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The Java NIO Socket Framework supposedly hides the dirty details of non-blocking IO from developers, allowing them to build highly scalable applications, which can handle over 10000 incoming and outgoing sockets using only one thread.

  • Are non blocking IOs still a pain with the typical version of Java 2 SE/EE?

  • Is this framework still necessary and useful?

Thanks for your time.

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Both have their uses, NIO adds more complexity. What do you want to do with a socket server? –  James Black Sep 14 '09 at 19:02
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2 Answers

up vote 3 down vote accepted

Well, NIO creates an abstraction over some of the details, certainly. Non-blocking IO is still a pain to get your head around (at least, I find it is) but at least it's feasible. (Personally I prefer the .NET style of asynchronous IO, but that's a different matter.)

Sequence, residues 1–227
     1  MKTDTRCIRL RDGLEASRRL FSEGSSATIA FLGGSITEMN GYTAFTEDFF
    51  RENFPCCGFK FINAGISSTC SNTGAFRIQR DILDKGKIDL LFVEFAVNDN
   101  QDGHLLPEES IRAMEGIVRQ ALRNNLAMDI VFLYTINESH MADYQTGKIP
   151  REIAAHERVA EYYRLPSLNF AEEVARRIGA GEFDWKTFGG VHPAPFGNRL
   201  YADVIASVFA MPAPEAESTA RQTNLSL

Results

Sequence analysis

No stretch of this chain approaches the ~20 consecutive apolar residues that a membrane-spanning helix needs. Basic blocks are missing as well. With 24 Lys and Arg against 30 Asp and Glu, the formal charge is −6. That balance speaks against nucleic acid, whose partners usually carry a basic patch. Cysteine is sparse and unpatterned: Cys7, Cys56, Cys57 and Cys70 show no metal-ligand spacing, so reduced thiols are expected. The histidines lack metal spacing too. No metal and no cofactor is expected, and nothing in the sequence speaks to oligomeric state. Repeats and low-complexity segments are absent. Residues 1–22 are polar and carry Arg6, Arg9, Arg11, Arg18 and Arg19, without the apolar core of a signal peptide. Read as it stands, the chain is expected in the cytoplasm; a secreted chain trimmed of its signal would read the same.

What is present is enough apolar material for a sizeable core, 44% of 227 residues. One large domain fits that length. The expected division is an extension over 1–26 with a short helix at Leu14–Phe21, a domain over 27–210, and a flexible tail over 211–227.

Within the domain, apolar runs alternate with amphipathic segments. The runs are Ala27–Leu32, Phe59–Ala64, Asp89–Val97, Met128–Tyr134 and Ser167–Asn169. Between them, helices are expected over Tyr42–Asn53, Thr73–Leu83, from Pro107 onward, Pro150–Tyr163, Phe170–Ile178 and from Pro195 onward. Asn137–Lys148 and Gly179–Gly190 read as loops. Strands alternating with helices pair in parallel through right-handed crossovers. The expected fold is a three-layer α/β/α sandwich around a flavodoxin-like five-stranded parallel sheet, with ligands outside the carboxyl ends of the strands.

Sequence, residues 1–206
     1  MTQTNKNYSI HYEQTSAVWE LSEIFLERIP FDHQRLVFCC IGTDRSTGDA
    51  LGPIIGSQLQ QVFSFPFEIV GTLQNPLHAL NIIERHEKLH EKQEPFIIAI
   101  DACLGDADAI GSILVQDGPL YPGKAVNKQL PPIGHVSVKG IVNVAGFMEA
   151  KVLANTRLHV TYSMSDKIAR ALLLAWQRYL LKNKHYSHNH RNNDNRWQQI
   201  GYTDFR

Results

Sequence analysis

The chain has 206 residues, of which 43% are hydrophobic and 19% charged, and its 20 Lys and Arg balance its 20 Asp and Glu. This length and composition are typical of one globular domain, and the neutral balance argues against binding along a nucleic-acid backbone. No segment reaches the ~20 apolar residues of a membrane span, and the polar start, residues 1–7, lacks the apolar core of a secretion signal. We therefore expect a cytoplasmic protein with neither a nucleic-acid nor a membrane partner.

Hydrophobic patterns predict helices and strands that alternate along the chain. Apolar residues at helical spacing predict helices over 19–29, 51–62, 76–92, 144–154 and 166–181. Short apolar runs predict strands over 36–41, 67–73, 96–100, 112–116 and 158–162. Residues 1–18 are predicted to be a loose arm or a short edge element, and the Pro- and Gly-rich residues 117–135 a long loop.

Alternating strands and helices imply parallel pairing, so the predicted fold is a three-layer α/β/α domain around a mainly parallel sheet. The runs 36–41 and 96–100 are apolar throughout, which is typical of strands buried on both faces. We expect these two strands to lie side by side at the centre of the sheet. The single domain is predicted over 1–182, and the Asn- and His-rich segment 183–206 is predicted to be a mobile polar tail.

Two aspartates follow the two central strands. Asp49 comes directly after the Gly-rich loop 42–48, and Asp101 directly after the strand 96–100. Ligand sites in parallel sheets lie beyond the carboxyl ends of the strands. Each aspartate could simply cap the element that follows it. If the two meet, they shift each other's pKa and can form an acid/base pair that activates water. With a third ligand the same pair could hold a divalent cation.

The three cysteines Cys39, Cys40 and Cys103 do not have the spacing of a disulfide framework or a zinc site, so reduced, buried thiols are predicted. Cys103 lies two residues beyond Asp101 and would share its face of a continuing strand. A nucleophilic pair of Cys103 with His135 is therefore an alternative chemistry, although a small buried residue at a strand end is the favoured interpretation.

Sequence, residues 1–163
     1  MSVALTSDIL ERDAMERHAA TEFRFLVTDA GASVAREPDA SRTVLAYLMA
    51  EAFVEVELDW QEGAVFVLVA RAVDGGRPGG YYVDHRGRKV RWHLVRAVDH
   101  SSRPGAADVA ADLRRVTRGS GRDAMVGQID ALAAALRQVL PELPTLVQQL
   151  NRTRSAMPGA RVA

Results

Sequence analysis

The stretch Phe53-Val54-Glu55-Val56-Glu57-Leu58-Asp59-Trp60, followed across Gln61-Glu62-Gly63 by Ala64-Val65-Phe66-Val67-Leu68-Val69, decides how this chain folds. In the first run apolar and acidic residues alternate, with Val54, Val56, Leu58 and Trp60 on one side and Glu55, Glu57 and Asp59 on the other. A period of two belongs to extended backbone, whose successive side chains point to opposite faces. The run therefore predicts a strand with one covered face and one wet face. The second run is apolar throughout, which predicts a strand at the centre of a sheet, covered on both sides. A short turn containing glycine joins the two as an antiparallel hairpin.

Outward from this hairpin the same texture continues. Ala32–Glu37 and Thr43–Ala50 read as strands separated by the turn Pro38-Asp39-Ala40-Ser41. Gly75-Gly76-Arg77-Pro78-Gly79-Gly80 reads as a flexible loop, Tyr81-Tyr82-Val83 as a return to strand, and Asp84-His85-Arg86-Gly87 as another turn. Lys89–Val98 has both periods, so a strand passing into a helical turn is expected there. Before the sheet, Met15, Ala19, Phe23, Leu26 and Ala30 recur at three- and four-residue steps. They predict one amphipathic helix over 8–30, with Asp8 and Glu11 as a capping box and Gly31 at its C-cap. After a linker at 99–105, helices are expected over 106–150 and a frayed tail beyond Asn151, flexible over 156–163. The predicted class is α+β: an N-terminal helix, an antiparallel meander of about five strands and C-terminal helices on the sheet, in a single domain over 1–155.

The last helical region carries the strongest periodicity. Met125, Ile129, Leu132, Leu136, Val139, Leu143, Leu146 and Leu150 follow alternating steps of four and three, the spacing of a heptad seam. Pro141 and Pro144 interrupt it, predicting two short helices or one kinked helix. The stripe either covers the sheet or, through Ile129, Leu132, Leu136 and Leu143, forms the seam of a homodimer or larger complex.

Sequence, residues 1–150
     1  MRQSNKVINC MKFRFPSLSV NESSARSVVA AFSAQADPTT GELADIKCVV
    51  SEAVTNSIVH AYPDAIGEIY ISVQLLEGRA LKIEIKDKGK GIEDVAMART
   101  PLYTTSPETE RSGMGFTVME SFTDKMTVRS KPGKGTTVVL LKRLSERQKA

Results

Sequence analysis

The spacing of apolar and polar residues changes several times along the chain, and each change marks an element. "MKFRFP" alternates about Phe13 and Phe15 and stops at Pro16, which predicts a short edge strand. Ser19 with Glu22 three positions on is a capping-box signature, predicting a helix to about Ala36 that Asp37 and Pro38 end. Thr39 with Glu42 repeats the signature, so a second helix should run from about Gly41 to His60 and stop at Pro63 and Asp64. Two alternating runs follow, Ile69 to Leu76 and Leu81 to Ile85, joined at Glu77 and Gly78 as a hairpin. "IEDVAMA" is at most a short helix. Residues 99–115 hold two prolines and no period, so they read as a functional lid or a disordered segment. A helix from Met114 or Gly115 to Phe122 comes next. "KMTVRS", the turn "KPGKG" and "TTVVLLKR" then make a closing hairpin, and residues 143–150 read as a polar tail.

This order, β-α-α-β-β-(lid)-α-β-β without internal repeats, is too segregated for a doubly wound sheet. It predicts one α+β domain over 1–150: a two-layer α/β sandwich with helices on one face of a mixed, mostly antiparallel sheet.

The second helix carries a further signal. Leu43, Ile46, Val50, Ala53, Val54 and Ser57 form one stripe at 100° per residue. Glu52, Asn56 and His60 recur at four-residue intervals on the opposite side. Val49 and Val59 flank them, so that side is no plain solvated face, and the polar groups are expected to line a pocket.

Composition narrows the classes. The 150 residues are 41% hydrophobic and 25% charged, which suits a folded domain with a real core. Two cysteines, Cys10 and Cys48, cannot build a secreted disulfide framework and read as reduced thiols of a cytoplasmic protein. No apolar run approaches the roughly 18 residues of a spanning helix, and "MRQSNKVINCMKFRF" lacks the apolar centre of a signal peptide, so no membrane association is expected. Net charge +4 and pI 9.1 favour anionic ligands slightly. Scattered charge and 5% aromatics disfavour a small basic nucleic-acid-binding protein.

I usually use blocking IO: for most tasks, this is all I require and I wouldn't gain significantly by using non-blocking IO. In some cases (such as the one you mentioned) non-blocking IO is really the only way forward if you want to keep your thread down.

I recommend that you learn about it, play with it, and then use judgement to decide when to use it in production code. I wouldn't suggest starting to use it everywhere...

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Yes, NIO is very useful. NIO is also a bit hard to work with. Depending on your needs you could consider using frameworks that wrap NIO, like grizzly or mina. Grizzly is the networking part of glassfish appserver from sun Oracle.

Mina is a network application framework from Apache.org.

Personally I prefer grizzly but that's just me.

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